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The auction model of ad buying will more than likely fundamentally change the way Madison Avenue and content providers do business.
That’s the view of participants at a panel Tuesday on the future of advertising that was held as part of the PriceWaterhouseCoopers media conference.
“It’s going to be here,” predicted John Partilla, president of Time Warner Global Media Group.
Although it wouldn’t necessarily replace the upfront in the buying and selling of TV, Partilla suggested the auction model could transform the marketplace to the point where there might not need to be as many buyers and sellers. In the next five years, optimizers and other software could automate a lot of the transactions that are necessary now.
“I don’t think we’ll need as many people” on either the buying or selling side, Partilla said.
One of his counterparts on the media side, Omnicom Group Inc. executive vp Janet Riccio, said the commodization of media inventory in the coming years will lead to streamlining where what she termed “John’s Ads R Us” would compete with big conglomerates like Omnicom.
“An auction will be a piece of the puzzle,” Riccio said. “I don’t think it’ll be the whole thing.”
Elisabeth Vanzura, marketing director for the Cadillac brand of General Motors, said that there was a lot of competition for inventory on the top network shows and what she called “TiVo-proof” top events.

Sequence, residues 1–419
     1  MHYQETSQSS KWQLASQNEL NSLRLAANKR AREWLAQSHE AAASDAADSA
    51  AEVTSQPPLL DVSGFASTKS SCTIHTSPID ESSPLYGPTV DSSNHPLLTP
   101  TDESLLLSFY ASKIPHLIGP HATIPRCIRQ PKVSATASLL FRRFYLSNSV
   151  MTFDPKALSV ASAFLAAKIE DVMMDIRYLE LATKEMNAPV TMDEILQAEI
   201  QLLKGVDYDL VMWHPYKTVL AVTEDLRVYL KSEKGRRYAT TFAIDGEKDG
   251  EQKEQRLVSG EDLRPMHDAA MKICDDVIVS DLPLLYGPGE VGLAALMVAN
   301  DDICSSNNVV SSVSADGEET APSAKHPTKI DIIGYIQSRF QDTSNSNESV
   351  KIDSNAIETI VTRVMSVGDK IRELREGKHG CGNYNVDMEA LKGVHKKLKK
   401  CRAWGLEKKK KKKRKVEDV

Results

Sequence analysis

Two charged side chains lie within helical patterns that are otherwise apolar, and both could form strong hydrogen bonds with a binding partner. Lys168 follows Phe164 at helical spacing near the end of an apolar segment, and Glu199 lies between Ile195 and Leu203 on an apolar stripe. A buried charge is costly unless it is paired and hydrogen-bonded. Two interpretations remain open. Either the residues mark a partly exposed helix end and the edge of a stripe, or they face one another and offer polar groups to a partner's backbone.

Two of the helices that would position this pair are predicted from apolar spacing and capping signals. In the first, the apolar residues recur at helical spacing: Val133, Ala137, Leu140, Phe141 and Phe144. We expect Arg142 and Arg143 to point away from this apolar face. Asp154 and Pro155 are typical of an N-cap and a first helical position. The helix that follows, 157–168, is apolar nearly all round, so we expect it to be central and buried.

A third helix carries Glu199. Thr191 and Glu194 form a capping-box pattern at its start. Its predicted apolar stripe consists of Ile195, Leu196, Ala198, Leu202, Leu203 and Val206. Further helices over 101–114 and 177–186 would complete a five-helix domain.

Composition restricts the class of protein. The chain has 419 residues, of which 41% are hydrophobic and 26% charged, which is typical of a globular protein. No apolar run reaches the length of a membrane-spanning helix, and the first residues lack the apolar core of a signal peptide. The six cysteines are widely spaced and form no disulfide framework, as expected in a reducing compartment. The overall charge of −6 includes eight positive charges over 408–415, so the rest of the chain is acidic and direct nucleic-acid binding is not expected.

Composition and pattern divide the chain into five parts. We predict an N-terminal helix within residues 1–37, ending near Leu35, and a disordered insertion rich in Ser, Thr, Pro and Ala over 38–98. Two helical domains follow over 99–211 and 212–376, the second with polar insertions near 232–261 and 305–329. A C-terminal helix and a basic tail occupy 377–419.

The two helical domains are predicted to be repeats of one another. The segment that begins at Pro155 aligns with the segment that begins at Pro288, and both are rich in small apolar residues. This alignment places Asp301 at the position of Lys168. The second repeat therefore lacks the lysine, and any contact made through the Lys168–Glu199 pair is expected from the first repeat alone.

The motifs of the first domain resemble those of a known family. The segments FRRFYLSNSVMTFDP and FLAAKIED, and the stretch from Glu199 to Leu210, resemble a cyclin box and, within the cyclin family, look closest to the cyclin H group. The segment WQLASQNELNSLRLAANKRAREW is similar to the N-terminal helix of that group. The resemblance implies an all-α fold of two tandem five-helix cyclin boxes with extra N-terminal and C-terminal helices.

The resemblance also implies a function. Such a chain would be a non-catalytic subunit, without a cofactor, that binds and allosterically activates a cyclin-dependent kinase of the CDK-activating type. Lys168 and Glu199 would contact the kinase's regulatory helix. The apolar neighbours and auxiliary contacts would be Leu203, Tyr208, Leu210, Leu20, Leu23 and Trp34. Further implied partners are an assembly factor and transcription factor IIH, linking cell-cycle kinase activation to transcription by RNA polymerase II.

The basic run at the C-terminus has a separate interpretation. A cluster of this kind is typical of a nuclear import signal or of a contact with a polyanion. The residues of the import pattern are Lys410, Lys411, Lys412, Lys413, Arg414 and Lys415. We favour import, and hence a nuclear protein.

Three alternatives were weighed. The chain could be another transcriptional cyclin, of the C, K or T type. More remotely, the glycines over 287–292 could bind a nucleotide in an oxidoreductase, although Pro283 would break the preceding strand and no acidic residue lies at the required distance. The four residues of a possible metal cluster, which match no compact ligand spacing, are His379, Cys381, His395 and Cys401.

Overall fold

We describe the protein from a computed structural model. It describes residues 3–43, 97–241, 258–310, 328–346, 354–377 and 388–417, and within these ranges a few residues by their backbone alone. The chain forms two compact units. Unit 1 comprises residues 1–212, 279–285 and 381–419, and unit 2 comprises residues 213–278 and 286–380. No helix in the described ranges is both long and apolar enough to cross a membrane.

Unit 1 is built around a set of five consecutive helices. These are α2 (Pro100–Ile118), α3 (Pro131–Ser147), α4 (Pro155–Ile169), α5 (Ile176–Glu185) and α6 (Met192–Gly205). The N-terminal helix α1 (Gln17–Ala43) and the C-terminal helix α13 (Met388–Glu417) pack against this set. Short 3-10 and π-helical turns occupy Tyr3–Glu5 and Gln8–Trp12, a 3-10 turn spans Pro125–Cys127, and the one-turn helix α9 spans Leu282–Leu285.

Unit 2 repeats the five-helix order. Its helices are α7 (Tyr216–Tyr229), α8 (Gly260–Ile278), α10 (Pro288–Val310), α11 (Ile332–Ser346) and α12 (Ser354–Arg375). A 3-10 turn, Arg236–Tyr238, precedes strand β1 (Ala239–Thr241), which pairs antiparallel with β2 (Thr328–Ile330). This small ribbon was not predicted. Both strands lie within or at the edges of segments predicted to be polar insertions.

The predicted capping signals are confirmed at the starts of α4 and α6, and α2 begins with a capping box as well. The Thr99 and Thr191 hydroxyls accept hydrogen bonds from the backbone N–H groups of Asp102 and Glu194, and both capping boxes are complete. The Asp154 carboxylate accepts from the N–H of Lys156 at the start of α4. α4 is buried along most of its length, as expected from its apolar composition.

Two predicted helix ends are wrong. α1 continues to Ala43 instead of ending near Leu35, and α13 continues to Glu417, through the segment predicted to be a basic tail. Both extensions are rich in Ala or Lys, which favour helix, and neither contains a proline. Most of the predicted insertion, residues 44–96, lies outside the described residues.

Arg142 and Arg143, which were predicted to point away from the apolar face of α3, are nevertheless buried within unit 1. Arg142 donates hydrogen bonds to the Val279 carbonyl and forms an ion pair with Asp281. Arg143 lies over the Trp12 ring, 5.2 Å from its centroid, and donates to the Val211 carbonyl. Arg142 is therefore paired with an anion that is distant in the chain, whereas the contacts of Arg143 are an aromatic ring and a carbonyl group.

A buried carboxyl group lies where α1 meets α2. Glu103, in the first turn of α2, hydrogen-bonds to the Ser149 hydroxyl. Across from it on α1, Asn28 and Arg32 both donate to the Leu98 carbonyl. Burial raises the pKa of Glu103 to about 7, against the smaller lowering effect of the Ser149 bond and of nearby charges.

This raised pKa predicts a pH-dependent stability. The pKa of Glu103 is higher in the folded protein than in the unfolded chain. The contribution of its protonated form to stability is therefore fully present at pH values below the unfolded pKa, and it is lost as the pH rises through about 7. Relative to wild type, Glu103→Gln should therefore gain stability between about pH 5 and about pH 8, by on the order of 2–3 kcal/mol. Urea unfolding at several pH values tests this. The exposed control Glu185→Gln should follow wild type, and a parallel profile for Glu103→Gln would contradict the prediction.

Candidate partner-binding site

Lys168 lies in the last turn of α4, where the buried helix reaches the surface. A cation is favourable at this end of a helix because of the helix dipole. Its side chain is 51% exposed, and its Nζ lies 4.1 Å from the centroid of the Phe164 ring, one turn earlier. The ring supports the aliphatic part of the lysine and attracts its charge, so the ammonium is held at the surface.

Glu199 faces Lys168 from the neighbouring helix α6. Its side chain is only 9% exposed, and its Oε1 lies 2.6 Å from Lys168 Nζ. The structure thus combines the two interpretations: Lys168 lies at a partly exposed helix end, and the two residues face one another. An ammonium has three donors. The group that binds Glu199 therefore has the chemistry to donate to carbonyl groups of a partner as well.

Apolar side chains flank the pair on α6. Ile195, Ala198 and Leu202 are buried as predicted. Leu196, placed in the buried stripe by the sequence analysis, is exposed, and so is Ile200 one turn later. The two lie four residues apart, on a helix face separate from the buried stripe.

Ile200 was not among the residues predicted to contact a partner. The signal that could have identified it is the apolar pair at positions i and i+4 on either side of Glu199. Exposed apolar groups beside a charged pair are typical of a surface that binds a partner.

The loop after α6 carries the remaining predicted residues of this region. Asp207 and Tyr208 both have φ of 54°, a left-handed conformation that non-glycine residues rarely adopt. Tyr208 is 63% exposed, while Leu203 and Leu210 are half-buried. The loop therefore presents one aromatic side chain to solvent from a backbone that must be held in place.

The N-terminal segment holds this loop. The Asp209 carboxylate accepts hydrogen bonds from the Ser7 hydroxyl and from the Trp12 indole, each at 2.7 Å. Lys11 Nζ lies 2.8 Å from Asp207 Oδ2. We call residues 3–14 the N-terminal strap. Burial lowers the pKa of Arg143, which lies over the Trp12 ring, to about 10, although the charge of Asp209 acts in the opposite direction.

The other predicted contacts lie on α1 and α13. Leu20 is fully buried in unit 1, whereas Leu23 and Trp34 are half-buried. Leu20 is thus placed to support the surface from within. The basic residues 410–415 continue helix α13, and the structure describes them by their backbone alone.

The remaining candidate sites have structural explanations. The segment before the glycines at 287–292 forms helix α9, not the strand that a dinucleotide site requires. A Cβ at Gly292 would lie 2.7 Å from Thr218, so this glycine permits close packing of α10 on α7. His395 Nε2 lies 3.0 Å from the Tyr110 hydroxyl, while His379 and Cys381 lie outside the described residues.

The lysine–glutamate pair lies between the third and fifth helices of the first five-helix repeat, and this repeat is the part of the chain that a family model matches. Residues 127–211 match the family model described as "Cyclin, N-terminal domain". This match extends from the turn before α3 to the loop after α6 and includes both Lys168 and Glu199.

“Key media properties will become more valuable. We’re all going to want them, and we’re going to compete over them,” Vanzura said. She added that it wasn’t going to change in the near future, though some brands are going to have to figure out innovative ways to pay for certain opportunities. Vanzura pointed to a partnership between Cadillac and XM Satellite Radio for the BET Awards as a way for both to be able to fit the event into budgets.
Another advertiser, Pepsi-Cola North America vp Ralph Santana, agreed that the upfront marketplace still works for the beverage maker, though it’s a smaller part of the mix.
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